Obama Defies Congress With Appointment of Consumer Protection Chief

The commander in chief appoints Richard Cordray as director of the Consumer Financial Protection Bureau, despite strong Republican opposition

(Image: Official White House Photo)

In a bold move destined to further strain his relationship with congressional Republicans, President Obama on Wednesday announced he would install Richard Cordray as director of the Consumer Financial Protection Bureau through a recess appointment while lawmakers are home for the holidays. Senate Republicans blocked Cordray’s confirmation in December, asserting the new agency has too much power and too little accountability. But according to Obama, their opposition was just another sign that the GOP is more concerned about the interests of Wall Street than financial protection for average citizens.

“The only reason Republicans in the Senate have blocked Richard is because they don’t agree with the [financial reform] law that set up a consumer watchdog in the first place,” Obama said when he announced the appointment before a cheering crowd in Cordray’s home state of Ohio. “That makes no sense. We shouldn’t be weakening oversight; we shouldn’t be weakening accountability. We should be strengthening them.”

The agency was created under the Dodd-Frank Wall Street Reform and Consumer Protection Act to oversee mortgage companies, payday lenders, debt collectors and other financial services providers. It is also designed to protect borrowers from potential abuses like sub-prime loans that have led to a disproportionately high level of home foreclosures in Black communities nationwide.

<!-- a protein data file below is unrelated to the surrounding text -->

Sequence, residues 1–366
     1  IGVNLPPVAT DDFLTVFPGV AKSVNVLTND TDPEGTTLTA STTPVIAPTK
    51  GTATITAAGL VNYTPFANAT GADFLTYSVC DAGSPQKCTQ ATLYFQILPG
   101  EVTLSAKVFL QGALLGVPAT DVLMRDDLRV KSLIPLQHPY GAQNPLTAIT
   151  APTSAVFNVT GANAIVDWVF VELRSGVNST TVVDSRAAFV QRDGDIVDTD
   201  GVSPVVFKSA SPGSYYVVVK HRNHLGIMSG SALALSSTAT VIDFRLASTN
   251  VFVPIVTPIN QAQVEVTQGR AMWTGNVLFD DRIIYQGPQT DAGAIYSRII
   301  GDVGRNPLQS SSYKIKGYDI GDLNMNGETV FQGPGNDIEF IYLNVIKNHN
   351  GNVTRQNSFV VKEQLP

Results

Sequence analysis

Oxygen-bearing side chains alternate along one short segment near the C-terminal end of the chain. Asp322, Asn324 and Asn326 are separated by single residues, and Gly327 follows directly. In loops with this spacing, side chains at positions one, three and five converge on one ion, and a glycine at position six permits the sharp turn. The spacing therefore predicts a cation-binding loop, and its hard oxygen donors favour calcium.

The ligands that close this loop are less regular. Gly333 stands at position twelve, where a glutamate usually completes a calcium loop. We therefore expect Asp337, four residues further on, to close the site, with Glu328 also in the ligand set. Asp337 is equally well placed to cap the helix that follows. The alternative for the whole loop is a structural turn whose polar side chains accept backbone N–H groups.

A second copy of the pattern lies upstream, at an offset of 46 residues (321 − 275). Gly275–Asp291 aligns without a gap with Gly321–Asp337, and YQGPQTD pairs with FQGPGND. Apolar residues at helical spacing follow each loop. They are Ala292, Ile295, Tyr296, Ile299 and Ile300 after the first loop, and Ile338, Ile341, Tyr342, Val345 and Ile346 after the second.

Obama in his remarks said he refused to take “no” for an answer and would not “stand by while a minority in the Senate puts party ideology ahead of the people we were elected to serve.”

Unsurprisingly, Republican leaders were outraged, suggesting they may legally challenge the president’s action.

“This is an extraordinary and entirely unprecedented power grab by President Obama that defies centuries of practice and the legal advice of his own Justice Department,” said House Speaker John Boehner (R-Ohio) in a statement. “The precedent that would be set by this cavalier action would have a devastating effect on the checks and balances that are enshrined in our Constitution.”

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